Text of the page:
January 10, 2017 / 2:20 AM / 7 months ago

Australian retail sales soften in November, still set for strong Q4

SYDNEY, Jan 10 (Reuters) - Australian shoppers tightened their purse strings in November after three months of splurging, but retail sales were still running well ahead of the previous quarter and pointing to a much-needed pick up in consumer spending.

Data from the Australian Bureau of Statistics (ABS) out on Tuesday showed retail sales grew a disappointing 0.2 percent in November from October when they increased 0.5 percent.

However, sales in October and November put together were 1.5 percent faster than the first two months of the previous quarter, bolstering hopes the economy had turned around after contracting in the July-Sept period.

The ABS's experimental estimate of online retail sales also jumped 10.8 percent in November, enjoying a fourth month of solid gains to top A$1.1 billion for the first time.

"The strong start to the quarter means real consumption growth probably still rebounded in the fourth quarter," said Kate Hickie, economist at Capital Economics.

She estimates December quarter retail sales growth at 1.3 percent, compared with 0.7 percent in September quarter.

"That would be welcome, given the outright fall in real GDP in the third quarter. It would provide more hope that Australia avoided its first recession in 25 years in the fourth quarter."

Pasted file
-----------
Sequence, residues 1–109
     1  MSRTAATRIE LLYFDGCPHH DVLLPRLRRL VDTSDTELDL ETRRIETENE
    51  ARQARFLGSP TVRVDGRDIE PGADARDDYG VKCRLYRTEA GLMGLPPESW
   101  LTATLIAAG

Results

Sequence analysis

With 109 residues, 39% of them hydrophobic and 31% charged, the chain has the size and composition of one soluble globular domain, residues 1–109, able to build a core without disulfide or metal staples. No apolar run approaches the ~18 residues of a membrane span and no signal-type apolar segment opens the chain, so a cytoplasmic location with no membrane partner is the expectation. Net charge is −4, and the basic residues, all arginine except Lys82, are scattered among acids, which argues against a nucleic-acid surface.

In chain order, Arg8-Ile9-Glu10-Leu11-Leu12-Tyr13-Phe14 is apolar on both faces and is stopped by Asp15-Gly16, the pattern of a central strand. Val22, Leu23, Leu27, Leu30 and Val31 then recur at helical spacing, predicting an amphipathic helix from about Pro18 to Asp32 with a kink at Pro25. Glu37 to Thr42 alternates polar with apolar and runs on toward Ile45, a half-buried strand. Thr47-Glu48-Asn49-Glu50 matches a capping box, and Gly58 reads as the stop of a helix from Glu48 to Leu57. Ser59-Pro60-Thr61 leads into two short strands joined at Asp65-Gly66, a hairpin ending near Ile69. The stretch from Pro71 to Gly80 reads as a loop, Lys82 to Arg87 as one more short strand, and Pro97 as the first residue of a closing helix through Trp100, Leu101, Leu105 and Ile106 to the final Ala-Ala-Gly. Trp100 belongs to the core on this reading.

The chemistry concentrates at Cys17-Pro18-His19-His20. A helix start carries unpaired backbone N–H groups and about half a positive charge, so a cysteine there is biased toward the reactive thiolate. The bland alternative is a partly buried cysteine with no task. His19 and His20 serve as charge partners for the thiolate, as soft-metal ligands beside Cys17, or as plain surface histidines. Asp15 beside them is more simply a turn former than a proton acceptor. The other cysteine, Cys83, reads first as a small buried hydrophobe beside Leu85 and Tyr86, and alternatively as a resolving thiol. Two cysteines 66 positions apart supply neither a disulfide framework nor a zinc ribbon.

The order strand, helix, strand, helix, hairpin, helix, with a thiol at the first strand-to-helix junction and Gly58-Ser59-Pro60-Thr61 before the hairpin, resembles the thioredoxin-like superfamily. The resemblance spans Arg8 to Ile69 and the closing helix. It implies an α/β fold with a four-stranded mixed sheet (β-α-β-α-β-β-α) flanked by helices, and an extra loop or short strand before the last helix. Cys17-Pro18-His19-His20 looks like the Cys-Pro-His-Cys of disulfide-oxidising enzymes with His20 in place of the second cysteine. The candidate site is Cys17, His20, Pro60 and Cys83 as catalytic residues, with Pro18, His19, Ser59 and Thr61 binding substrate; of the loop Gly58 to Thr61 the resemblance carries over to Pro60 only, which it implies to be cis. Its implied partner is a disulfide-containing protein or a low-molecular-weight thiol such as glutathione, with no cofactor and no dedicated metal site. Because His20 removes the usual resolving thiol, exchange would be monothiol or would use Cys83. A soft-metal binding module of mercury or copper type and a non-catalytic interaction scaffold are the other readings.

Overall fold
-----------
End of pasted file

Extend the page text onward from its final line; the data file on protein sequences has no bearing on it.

Household consumption accounts for 56 percent of annual economic output, versus the less than 9 percent produced by Australia's emblematic mining industry.

Figures out last week showed Australia boasted its first trade surplus in almost three years in November as surging commodity prices boosted export earnings, and likely economic growth as well.

Tuesday's data will provide some relief to the Reserve Bank of Australia (RBA) which has been counting on a pickup in household consumption to offset weakness in mining investment.

The RBA has been playing down the need for further easing following cuts last August and May that took the cash rate to an all-time low of 1.5 percent.

As a result, financial markets had all but given up on the chance of a further rate cut <0#YIB:> and were even toying with the idea of a hike in 2018.

The latest signs show that consumers entered the New Year in a mood to spend. A survey by ANZ and Roy Morgan out on Tuesday showed sentiment surged in the first week of January, with consumers much more upbeat about their finances and eager to buy big-ticket items.

"This is a reasonable indicator of consumer spending, suggesting a solid Christmas and holiday spending period is underway," said ANZ senior economist Jo Masters.

"It is encouraging that households' views on future finances are in a strong upward trend, likely supported by a solid labour market and rising house prices." (Reporting by Swati Pandey; Editing by Eric Meijer)

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